Tuesday, September 04, 2001

Why I Won’t Boycott the Times

On most weekday mornings I read the New York Times at about 6:30, an exercise that begins with a visit to the obituaries to see whether anyone named Marvin Schick is reposing in that hallowed space. On the day that he shall be there, I do not expect to read on. Fortunately or not, that fate has not been mine and so I do read on, first tarrying a bit at the obituary notices to determine whether someone I know has passed away.

That’s what I was doing soon after the Rabbis Lookstein announced with appropriate fanfare a ten-day boycott of American Jewry’s favorite newspaper. To my astonishment, the first notice was placed by Congregation Kehilath Jeshurun, which is their synagogue. On a more recent day, there were two obits by KJ and the Rabbi Lookstein names were once more on display. I know that both father and son are very honorable men and I would not want to accuse them of hypocrisy or even inconsistency. But I believe that they are missing the main opportunity.

If the aim is to punish the NYT in the pocketbook, there’s no better tactic than boycotting the obituary page where every word costs dollars. Our multitude of organizations spend a fortune on these notices, which are about the most expensive spot in the newspaper. I learned how costly years ago when in a rare moment of empathy for the many dead organizations that are members of the Presidents Conference, I called the Times to see how much it would cost to provide each organization a final resting place in the newspaper. I reckoned that these groups were staying around only because no one had told them that they had died.

The lady in the obituary department asked, “when did these organizations die?” I said that “some passed away in 1948 when Israel was established, others years later, but all had not been among the living for quite a while.” She wanted to know why I had waited so long to mourn these losses, to which I responded, “because I was waiting for them to wake up.“ I was told that the notices would be accepted, provided that I paid in advance. And so I prepared an elaborate text for each, giving something of its history and long-forgotten achievements. The bill amounted to more than a half-million dollars, a figure that was so shocking that I quickly decided that it would be cheaper (at least for me) to allow these organizations to continue to pretend that they are among the living.

Why are the Rabbis Lookstein being selective in their boycott? I know that it isn’t easy to boycott the obits in view of the desire of so many Jews to be memorialized in the newspaper. The Rabbis certainly cannot suggest that no congregant pass away during the ten-day boycott period, else the synagogue will be forced to place the obituary notice in Der Yid and not in the paper that has all the news that's fit to print.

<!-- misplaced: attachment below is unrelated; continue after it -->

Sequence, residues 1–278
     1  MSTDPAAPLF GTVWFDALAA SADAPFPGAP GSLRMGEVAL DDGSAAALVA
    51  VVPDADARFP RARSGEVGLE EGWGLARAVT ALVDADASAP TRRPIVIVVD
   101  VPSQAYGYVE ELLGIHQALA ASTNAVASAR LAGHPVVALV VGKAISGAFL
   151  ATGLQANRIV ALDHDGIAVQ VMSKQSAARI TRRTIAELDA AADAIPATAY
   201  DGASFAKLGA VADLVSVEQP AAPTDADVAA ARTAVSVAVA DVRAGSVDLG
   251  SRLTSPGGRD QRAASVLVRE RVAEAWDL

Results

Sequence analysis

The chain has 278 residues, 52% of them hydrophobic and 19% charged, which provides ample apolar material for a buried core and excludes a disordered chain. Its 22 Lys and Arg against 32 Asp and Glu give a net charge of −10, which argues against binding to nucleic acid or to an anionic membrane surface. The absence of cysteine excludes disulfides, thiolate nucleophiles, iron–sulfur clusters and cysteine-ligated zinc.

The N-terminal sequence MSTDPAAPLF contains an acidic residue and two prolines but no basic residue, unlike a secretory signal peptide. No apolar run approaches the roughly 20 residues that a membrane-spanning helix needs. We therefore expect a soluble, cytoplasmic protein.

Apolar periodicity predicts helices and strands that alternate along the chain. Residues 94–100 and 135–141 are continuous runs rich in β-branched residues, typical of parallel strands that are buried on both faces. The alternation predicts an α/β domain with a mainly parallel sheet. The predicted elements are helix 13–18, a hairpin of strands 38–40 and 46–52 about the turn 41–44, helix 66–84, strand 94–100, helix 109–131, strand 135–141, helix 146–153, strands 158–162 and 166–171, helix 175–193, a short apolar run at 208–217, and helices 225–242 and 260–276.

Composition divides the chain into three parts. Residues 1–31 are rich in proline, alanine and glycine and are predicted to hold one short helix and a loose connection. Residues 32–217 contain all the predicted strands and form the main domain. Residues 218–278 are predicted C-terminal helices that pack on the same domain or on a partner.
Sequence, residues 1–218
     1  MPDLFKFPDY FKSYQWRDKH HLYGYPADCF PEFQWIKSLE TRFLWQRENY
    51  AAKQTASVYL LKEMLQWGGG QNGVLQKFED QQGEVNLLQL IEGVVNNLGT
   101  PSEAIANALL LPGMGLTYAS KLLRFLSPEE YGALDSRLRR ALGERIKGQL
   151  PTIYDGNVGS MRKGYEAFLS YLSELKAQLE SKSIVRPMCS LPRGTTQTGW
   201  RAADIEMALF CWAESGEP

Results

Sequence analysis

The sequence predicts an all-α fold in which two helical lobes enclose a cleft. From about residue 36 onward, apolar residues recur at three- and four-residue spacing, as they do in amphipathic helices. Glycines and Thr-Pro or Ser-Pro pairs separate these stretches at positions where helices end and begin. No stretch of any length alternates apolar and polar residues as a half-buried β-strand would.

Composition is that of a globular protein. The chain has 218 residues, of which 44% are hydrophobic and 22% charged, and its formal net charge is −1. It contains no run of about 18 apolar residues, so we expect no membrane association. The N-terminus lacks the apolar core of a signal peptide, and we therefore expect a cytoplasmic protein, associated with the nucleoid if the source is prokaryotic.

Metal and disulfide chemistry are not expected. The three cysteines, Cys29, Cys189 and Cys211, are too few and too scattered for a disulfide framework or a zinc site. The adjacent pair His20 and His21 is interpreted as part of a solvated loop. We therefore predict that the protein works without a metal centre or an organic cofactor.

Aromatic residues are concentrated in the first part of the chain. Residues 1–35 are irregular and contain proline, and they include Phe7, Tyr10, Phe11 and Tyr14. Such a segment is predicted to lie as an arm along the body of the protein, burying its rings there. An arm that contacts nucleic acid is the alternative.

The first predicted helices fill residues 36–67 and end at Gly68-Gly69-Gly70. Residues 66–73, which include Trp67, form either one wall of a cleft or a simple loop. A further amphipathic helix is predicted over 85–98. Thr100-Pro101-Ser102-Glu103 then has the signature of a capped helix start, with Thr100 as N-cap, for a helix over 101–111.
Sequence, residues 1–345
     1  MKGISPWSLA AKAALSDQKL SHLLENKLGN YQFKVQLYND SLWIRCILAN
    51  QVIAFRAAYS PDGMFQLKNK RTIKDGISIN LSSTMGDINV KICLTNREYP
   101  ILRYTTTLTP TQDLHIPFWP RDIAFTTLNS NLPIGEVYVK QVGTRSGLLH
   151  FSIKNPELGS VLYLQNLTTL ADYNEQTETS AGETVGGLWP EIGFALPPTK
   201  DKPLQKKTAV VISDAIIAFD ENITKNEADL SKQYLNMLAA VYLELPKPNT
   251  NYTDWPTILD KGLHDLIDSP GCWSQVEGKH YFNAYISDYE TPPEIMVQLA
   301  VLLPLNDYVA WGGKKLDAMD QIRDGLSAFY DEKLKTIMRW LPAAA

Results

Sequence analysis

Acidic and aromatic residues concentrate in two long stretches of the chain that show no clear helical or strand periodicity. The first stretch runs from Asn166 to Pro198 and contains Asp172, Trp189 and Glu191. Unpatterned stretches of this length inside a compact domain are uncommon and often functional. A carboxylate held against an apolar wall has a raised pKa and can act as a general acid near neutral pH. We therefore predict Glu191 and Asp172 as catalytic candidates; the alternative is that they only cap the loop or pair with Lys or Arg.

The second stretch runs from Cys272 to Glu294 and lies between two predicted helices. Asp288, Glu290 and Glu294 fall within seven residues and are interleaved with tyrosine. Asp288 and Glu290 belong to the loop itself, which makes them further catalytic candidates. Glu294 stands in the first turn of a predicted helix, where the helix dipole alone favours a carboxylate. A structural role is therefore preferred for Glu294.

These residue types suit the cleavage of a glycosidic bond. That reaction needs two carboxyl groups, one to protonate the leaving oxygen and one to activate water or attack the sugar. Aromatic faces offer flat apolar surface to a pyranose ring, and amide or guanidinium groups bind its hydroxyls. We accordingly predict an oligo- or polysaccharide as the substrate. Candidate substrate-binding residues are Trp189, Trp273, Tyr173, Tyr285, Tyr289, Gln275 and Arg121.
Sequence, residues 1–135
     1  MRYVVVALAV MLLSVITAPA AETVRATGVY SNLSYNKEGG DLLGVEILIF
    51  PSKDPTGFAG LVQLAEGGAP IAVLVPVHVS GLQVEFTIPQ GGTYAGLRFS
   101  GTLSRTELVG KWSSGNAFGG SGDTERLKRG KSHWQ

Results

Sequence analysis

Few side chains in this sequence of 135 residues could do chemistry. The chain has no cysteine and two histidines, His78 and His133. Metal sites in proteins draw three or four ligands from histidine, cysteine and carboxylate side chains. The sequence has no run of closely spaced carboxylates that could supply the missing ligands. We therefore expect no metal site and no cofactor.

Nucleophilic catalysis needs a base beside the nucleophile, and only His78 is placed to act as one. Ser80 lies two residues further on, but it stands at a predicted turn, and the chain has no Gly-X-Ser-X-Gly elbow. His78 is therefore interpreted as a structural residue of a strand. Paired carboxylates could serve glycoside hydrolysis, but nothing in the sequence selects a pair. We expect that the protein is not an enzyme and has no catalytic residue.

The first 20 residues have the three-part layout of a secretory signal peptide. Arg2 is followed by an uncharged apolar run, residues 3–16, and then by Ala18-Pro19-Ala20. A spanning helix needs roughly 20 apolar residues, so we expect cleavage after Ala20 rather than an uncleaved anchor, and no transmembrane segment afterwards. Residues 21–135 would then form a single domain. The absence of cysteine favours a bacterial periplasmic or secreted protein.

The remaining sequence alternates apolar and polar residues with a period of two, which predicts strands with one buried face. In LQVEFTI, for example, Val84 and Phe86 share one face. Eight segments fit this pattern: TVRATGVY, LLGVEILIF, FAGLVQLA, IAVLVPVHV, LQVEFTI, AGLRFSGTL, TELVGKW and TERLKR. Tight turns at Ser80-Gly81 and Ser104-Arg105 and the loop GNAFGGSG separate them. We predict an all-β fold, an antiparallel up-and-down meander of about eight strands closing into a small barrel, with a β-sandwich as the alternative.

While I’d be happy to join in an extended, even permanent, period of abstinence in obituary-placing, I plan to maintain my regimen of reading the NYT. How else am I to know the daily capacity of New York’s reservoirs or who Maureen Dowd is barbecuing. How else am I to experience the unique connubial compatibility of Mr. and Mrs. Deborah Sontag? Two hostile hearts beating as one.

Isn’t it wonderful that the Times places Jerusalem in Asia, along with Bejing, New Delhi and other exotic places, rather than identifying it as occupied territory?

It bothers me not at all that the Times’ Middle East coverage raises the blood pressure of many Jews. This is a vital medical service for me and thousands of other Jews whose aging bodies need something extra to get the blood flowing to distant parts. Isn’t it better to have Jews with ruddy complexions, raring to go and jumping around after they read the Times than to settle for a sedentary life on Collins Avenue waiting for a booking at Riverside Chapels?

For all of our primal kvetching, we Jews haven’t appreciated the Times or done enough to win it over. We haven’t thanked the writers who give special attention to the Orthodox, whether the story is about a minor communal fracas or someone accused of a crime. When not long ago the Times reported that 40 people had been arrested in a criminal conspiracy and identified only one of the accused who was a Chassid, the newspaper was telling the world that only the Orthodox are legitimate Jews, that the rest – Conservative, Reform, Reconstructionist, etc. – are all bogus and therefore are not to be given legitimacy.

It’s Rabbi Eric Yoffie who should be complaining and so should all of the other non-Orthodox who are being neglected. Could it be that Rabbi Yoffie whose youth groups are boycotting Israel does not want to get around to the more important business of boycotting the Times because the Sulzbergers, good Protestants as some of them are, remain members-in-good-standing at Temple Emanuel?

Israel certainly hasn’t done enough to deserve the Times’ support. If the Jewish State would just become a totally gay society, I am certain that the Times would embrace it warmly, man to man so to speak, and give it all of the support that it deserves and maybe some that it doesn’t.